But clearly there were problems. Only six years our William Klng's death there was in 1600 “An Act against Fraudulent Administration of Intestates Goods”. One hopes that William King’s estate was properly administered with one third going to the widow and the rest going to his children, grandchildren, or next of kin per stirpes. With five persons signing his inventory there would seem to have been no shortage of interested parties (including perhaps professional valuers?)

The actual list of assets is substantial

[N.R.O. INV/11.43) An Inventorie made the xxviiith daie of November a 77 RR nunc Elizabeth 1594 of all the goods and Cattells, money, debts and plate and all other Implements of howshold whatsoever of Willm Kynge of Hempstead deceased prised and valued the daie and yeres above said by us whose names are hereunto Subscribed.

NB The detailed values of each item have not been shown except for the major cash items plus the value of £300 placed on the flock of 1000 sheep.

The inventory was made on November 28th 1594 and demonstrates the size of a partly arable farm in that “since Michaelmas last”, ie 2 months, nearly twenty three acres had been ploughed and put down to winter “Corne”. The farm implements and farm stock are all recorded: the farm must surely have enjoyed grazing rights elsewhere to have carried on not only a milking herd and bullocks for fattening but also a thousand sheep. The Glaven Valley and the Holt Lows may well have provided this grazing.

ln the house William King was comfortably set up with 2/3 reception and seven bedrooms. He must have lived in considerable luxury for the date with his sheets, and pillow cases, table napkins and handtowels.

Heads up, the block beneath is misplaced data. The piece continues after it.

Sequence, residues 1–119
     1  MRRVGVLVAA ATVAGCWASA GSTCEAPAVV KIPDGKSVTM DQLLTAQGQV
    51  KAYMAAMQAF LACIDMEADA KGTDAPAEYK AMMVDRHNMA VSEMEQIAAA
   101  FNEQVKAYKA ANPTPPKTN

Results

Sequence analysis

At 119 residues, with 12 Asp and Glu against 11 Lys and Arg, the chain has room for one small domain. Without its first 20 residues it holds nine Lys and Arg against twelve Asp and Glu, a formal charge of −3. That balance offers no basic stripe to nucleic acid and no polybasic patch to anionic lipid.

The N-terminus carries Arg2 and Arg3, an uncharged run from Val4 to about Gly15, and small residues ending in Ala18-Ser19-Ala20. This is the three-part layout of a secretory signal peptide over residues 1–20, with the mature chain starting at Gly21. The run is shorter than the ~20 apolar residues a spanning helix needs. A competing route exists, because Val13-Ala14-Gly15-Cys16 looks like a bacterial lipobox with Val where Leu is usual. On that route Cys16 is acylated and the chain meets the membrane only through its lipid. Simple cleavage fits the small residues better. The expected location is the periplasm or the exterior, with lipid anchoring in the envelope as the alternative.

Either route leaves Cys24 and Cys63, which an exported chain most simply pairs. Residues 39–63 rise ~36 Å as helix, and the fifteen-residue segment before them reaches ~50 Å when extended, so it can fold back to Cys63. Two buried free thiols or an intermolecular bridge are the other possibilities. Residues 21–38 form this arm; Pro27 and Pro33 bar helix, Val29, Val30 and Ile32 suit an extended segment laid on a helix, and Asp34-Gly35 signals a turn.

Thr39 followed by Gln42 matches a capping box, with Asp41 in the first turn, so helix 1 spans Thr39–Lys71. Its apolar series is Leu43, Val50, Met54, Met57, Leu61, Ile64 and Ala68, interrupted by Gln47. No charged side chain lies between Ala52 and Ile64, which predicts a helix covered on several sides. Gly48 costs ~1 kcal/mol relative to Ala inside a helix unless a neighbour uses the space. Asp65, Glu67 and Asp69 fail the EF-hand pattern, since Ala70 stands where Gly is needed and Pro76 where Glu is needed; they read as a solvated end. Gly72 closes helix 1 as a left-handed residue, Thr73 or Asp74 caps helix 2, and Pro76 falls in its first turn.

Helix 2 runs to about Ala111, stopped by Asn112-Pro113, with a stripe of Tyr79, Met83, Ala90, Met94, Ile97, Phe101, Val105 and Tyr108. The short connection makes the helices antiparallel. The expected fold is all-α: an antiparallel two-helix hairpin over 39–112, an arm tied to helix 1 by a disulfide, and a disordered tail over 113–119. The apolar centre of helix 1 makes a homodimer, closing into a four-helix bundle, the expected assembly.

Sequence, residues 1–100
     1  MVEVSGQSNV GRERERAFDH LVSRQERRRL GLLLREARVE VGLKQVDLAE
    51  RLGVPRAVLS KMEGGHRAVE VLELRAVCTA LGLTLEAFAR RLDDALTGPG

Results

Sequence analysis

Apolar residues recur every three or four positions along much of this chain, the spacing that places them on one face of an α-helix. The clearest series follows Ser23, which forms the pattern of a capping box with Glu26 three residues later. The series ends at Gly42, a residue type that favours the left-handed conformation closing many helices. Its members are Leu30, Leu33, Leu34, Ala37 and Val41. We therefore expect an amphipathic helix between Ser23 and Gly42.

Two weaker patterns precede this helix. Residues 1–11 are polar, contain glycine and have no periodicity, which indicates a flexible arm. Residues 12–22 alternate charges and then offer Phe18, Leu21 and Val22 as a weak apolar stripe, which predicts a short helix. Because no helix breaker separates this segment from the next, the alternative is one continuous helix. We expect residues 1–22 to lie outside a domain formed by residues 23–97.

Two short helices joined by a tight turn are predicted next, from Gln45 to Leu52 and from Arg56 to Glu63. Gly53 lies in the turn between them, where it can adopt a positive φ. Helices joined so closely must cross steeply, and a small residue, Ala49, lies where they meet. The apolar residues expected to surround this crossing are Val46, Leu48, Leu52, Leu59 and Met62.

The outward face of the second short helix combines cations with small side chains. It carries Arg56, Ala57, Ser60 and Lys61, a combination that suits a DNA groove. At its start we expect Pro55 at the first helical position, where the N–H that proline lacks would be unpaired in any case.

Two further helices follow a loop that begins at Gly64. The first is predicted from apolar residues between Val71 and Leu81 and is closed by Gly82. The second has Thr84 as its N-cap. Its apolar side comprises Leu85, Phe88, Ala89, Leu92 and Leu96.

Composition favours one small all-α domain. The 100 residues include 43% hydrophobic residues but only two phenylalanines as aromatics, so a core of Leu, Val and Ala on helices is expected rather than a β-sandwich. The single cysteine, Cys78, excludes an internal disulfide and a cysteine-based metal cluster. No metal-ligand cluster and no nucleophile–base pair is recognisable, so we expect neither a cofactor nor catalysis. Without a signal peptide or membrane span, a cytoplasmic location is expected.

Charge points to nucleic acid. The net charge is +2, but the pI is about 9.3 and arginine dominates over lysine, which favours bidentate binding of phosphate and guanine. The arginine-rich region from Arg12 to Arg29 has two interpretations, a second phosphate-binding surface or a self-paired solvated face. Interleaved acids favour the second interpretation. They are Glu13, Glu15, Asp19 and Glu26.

In the “hall chamber'' (presumably the Elizabethan Manor house boasted its medieval hall) was his “corslet fullie furnished with a pike”. But what was ''the rest of his munitions piece together? Could this have been a primitive musket?

Interesting enough William King, among his many crops also grew “hempe”.

The whole scale of the enterprise is more akin to that of a major 18th century Norfolk Farmer. Perhaps much less changed in farming in Norfolk in the great “improving” 18th century than is often suggested. ln any event, William King is the first resident magnate known to have lived and died in Hempstead. One need only compare his inventory with the modest lists of chattels referred to in other broadly contemporaneous Wills.

It is comforting to think that in all probability William King's house is the same as that sketched in William Newman’s book of 1726.

The next information we have concerning Hempstead Hall lies in the ''Hempstead Court Books 17th and 18th Century'' (NRO 23877-883 39E1) where there are the Court Rolls from l6l3 to 1743. The earlier books are difficult to read but in the later books there are interesting cross-references to the history of Brownwood. In the Court Book of 1694 appears the first specific reference to the Hall.
Hempstead, A Norfolk Village - Robin Carver, 2000

The first detailed knowledge of the buildings and land at Hempstead Hall comes to us from the Book created William Newman in 1726 (NRO Het87). He succeeded his uncle, Thomas, as Lord of the Manor in 1698. Why he waited 28 years before embarking on his booklet is unclear. On the outside cover of William Newman's book in ink appears the following: